The health authorities, with the increasing financial restrictions and logistic demands, together with the relatively higher mortality and morbidity rates of the in-center HD, should consider home HD as an attractive option with its valuable clinical outcomes, improved quality of life, social and psychological benefits, increased freedom and cost-effectiveness. ,, In reality, healthcare organizations continue to face resource challenges to accommodate the sustained increase in the number of ESRD patients requiring renal replacement therapy. This burden has been accompanied by aging of the dialysis population, increased hospitalization costs and increased costs to cover the continuous need for expansion and establishment of new HD facilities and recruitment of qualified staff.  The home HD program can be an excellent and cost-effective alternative to the in-center HD treatment in managing a large proportion of ESRD patients in need for dialysis therapy. 
Home HD should be considered as a system and not only as a treatment.  It should also be considered as a central country program that needs to be customized according to needs. It should be carefully implemented and adequately budgeted with close supervision and follow-up for quality improvement and continuity.  One possible approach for its successful implementation is the establishment of "Home HD Department" with its appropriate budget.  This department should contain different sections with specific responsibilities to cover all required services and to ensure the successful implementation and continuity of the program [Table 3]. Alternatively, improved reimbursement for home HD may assist the establishment of home HD services. ,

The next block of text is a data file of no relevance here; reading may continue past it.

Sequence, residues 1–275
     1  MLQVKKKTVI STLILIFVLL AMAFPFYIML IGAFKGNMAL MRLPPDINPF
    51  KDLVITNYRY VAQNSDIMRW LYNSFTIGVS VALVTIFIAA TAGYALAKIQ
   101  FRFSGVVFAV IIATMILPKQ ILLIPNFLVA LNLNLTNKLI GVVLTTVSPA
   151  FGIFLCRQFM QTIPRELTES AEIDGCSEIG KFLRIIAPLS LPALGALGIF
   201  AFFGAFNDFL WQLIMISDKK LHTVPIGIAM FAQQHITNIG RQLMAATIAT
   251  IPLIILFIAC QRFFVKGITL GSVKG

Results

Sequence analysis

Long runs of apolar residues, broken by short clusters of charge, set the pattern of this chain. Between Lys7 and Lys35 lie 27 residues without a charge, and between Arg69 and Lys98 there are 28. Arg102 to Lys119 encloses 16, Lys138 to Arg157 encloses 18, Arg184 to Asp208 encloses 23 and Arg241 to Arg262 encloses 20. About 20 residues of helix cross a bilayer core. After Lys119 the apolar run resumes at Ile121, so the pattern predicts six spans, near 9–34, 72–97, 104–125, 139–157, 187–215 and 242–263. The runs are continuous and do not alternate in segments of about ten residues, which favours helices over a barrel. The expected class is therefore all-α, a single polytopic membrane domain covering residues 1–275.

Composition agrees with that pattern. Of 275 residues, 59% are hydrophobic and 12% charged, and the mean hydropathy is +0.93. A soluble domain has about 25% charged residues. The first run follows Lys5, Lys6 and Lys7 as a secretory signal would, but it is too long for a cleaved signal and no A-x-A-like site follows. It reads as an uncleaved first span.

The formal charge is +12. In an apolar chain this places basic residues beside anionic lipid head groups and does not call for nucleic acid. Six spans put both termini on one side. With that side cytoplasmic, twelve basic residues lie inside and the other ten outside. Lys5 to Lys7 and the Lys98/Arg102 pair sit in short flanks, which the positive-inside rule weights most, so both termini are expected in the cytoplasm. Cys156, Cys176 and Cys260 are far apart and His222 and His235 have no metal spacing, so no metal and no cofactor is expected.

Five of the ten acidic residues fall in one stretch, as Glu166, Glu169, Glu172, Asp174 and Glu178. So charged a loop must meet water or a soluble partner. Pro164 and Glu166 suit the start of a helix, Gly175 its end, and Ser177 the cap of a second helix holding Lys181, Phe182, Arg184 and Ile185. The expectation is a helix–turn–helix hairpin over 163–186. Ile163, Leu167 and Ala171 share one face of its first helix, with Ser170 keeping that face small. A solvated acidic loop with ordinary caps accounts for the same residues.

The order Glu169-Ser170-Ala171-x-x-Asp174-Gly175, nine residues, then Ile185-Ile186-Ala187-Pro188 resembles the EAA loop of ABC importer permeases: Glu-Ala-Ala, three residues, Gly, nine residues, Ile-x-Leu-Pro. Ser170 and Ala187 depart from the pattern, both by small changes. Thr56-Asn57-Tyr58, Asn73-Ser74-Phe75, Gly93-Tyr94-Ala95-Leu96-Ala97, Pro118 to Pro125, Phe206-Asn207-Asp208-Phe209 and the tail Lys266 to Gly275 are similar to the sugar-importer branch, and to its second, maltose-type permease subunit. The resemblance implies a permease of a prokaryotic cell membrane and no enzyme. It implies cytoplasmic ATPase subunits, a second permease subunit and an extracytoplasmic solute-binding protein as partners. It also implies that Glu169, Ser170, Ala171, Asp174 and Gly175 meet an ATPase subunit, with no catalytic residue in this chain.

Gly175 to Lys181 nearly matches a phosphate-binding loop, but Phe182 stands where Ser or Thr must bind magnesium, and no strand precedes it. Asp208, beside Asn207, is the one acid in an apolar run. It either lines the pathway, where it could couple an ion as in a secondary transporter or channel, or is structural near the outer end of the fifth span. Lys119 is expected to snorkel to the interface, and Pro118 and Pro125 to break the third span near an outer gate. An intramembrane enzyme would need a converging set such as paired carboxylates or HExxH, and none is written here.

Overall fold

Medical competence in caring for home HD patient
Lack of competence and/or expertise in caring for the home HD patients among renal care providers (nephrologists, dialysis nurses, educators) represents a major challenge in the success of home HD. The majority of renal care providers have no or limited exposure to home HD. In a survey of trainees in a nephrology fellowship program, only about 16% of the respondents were competent in home HD.  In a multicenter, semi-structured and qualitative interview study, the nephrologists practicing in Europe and South America in regions where home HD is not established recognize the potential benefits of home HD, but doubted the feasibility of developing such programs and expressed concern about the quality and safety of home HD.  Worldwide, only few established infrastructures for training and monitoring home HD patients are available and mostly existing in high-income countries. , In addition, there have been no published evidence-based clinical practice guidelines from the international guideline-producing bodies that can be used to standardize procedures and protocols in home HD to promote safe and optimal implementation of home HD programs. ,, More recently, however, a "Global Forum for Home Hemodialysis" has been initiated by an internationally recognized panel comprised of nephrologists, home HD nurses, administrators and patient advocates, including a patient who has undergone home HD for more than 10 years.  The authors stated that "the mission of this collaborative is to develop and deliver a comprehensive, open-source, web-enabled, practical manual for health care teams and providers to create and/or expand a home HD program."